Cyprus and Scotland, scene’s of forced migration

Fort William has grown on me a little.  It is a bit like a frontier town.  Full of visitors passing through.  And home to the cheapest round of drinks yet, under £6.  And no I wasn’t in Wetherspoons.  After a meal and a couple of drinks we returned to Travelodge where I treated myself to a packet of Haribos from the vending machine.

Today we headed for the Isle of Skye.  But despite being an island there’s no ferry crossing, instead a bridge.  Built in 1995 it was originally a toll bridge and at over £11 for a return trip was  the  cause of a campaign of non payment.  The  toll collectors were subject to a lot of abuse but they undertook their task quite casually.  On one occasion  when Germany beat England  at football, a common event, they allowed  all cars with German number plates through free of charge.

Whilst visiting the Highlands and Islands you occasionally hear Gaelic spoken as well as hearing safety messages on the ferries and dual language roadsigns.

I mentioned the Highland clearances the other day.  For those that don’t know it was the systematic eviction of people off land they farmed but didn’t own.  The landowners could make more profit from grazing sheep or other activity.  These people were offered land by the coast as an alternative.  But too little to survive, forcing them to take up the dangerous occupation of fishing to supplement their income.  In one place women were forced to tether their children and animals to rocks to stop them from being blown off cliff edges whilst they worked on the land.  People sometimes resisted these attempts to evict them.  Their homes were burnt to persuade them otherwise.  Many died of the effects of living in the open as they were expected to build new houses for themselves on their new plots of land.  As a result of these clearances many migrated.  Some to lowland Scotland.   Some to the cities of Glasgow and as far south as Newcastle and Liverpool.  And many to USA, Canada, Australia and New Zealand.  A shameful episode in British history.  And occurring as recently as the 1850s, or three Mehmet lifetimes ago.  During this process the Gaelic language was nearly destroyed but survived in the most remote parts of the Highlands and Islands.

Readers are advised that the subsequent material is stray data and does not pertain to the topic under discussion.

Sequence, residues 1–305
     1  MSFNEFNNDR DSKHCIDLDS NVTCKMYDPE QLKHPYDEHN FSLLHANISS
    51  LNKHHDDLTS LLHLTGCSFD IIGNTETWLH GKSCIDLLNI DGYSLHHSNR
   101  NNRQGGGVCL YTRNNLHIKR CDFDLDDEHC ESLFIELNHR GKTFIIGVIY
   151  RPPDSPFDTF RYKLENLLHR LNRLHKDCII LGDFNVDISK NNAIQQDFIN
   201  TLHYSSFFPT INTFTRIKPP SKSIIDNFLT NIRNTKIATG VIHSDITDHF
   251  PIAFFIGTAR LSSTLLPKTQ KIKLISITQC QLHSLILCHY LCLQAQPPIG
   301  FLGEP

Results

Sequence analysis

On our way to the Isle of Skye we passed Glengarry where the whole village emigrated to Canada and founded Glengarry County in the state of Ontario.

As a Cypriot I empathise with those who suffer the pain on having to abandon your village for politics and economic reason’s.

Having now arrived at Portree I have been informed that breakfast is at 8.  The drive over was through yet more spectacular scenery.

Things I recommend, breakfast at Wetherspoons, when I feel like it.

Things i don’t recommend, the unequal distribution of wealth and power


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